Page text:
When an electroplating method is employed in the manufacturing method of the bump-attached tape carrier according to this invention, it is possible to form these metal bumps and a metal layer covering the connecting electrodes in such a manner as to have the same structure to each other and in the same step.

The manufacturing method of the bump-attached tape carrier according to this invention is featured in that the metal bumps are formed prior to the formation of a conductor pattern by means of etching.

As a method of forming metal bumps on a tape carrier on which a conductor pattern has been already formed, there is known a method wherein a feeder pattern for electroplating is preliminarily formed on the tape carrier, and then the metal bumps are formed via this feeder pattern on the tape carrier by means of electroplating, the feeder pattern being subsequently cut off. However, this method is accompanied with the problems that it is frequently difficult, depending on the shape of the conductor pattern, to form such a feeder pattern, and that an additional step of cutting the feeder pattern is required.

As a method of forming metal bumps on a tape carrier on which a conductor pattern has been already formed, there is also known a method wherein a cream solder or a solder ball is mounted on the portions of a conductor pattern where the metal bumps are to be formed, and then brazing the cream solder or the solder ball thereon. However, this method is accompanied with the problems that a solder resist layer is required to be formed on the tape carrier in order to prevent the solder from spreading over the conductor pattern, and that it is difficult to form the metal bumps at narrow intervals since the solder bumps formed in this manner are spherical in configuration as mentioned above.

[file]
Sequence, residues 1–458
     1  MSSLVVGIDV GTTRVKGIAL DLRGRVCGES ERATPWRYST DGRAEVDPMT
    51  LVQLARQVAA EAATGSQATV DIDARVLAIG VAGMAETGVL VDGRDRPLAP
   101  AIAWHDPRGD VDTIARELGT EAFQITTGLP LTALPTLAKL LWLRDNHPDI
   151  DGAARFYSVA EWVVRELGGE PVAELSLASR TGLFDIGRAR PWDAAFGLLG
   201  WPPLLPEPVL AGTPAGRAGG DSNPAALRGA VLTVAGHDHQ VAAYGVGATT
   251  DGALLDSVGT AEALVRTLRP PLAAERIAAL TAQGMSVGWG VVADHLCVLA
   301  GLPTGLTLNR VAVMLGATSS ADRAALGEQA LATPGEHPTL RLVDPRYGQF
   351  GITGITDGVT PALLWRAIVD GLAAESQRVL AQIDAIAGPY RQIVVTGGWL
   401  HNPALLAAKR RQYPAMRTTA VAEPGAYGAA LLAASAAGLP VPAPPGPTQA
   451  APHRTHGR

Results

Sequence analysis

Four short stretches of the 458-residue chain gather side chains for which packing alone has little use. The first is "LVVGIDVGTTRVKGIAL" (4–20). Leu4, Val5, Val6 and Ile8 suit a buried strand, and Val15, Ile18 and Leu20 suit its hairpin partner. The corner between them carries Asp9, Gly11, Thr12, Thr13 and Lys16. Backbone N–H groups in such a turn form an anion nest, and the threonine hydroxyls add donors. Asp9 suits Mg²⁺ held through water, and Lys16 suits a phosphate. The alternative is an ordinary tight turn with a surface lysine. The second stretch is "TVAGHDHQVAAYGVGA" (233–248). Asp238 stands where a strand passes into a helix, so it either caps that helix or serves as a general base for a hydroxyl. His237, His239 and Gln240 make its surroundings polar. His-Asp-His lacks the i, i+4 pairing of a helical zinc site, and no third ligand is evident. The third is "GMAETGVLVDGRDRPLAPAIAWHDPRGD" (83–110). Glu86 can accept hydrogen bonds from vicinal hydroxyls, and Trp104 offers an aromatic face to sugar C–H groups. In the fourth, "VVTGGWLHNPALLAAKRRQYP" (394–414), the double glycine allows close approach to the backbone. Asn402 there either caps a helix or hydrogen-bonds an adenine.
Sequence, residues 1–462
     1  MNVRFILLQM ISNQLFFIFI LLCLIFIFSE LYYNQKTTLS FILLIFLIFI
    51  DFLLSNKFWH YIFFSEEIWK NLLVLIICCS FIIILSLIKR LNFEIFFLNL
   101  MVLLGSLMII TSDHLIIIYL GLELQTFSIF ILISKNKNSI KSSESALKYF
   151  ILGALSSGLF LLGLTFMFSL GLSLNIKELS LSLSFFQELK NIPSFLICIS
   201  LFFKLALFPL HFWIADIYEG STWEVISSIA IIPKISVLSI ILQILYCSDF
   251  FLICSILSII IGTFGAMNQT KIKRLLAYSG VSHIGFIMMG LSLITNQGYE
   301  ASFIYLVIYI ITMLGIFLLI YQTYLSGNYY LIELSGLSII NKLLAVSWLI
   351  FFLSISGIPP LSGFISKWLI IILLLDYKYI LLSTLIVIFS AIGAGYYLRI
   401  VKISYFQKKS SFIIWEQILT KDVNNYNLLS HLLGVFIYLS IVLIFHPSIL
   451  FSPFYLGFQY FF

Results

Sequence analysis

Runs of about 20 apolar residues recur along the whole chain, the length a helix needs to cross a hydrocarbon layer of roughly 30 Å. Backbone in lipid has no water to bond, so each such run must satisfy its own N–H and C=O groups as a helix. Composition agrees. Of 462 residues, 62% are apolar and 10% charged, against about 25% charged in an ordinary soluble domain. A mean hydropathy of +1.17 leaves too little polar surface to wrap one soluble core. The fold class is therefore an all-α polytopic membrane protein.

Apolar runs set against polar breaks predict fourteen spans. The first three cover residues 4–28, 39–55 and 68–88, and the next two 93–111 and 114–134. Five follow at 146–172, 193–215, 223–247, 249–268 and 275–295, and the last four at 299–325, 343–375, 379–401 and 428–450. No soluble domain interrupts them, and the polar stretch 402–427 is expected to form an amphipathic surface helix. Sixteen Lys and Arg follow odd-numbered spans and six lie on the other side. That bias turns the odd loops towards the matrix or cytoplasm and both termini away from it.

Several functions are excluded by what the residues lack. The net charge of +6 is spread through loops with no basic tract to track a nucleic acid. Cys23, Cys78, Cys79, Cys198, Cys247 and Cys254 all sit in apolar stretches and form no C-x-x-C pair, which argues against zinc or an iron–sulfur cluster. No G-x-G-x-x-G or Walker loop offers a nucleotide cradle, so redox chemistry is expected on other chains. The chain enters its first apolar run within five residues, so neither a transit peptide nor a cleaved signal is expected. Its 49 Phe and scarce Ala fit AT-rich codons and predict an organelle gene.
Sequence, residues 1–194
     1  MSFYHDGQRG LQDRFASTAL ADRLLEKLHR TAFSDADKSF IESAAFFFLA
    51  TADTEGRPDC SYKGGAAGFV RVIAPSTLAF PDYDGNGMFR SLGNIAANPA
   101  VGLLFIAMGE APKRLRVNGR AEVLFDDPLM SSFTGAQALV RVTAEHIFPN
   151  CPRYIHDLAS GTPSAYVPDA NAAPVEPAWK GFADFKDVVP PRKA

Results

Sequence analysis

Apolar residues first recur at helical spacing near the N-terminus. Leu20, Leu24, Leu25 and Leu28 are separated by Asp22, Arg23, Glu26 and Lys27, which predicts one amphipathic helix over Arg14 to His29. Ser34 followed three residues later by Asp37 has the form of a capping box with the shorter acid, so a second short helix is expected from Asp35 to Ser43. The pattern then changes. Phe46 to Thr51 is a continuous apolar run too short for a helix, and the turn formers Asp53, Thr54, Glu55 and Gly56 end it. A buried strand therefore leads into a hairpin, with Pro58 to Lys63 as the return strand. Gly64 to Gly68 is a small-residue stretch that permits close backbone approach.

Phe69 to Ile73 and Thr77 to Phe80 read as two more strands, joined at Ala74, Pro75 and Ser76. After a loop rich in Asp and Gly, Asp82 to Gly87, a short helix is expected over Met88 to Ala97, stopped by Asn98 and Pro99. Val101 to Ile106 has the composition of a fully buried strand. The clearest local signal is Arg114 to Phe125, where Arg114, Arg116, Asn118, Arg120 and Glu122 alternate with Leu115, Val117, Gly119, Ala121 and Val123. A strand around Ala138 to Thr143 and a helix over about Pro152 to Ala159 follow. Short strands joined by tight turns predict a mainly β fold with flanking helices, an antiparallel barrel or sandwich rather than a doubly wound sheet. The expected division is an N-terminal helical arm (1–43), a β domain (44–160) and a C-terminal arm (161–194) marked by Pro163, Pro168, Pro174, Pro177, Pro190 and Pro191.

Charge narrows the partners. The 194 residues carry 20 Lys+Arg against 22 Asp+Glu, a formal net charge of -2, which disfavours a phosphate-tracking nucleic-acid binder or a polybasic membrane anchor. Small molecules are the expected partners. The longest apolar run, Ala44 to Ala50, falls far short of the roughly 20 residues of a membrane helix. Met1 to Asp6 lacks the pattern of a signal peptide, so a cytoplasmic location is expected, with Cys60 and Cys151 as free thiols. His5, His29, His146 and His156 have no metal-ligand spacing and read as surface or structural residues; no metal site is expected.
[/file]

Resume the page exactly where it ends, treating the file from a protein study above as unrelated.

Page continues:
By contrast, according to the manufacturing method of metal bump-attached tape carrier of this invention, since the metal bumps are formed prior to the formation of a conductor pattern by means of etching, the feeder pattern for electroplating is no more required to be formed. Moreover, since the metal bumps are formed not by means of brazing but by means of electroplating method, the aforementioned solder resist layer for preventing the solder from spreading over the conductor pattern is no more required to be formed on the tape carrier. Therefore, it is possible according to the method of this invention to simplify the manufacturing process of the metal bump-attached tape carrier and to easily form columnar metal bumps.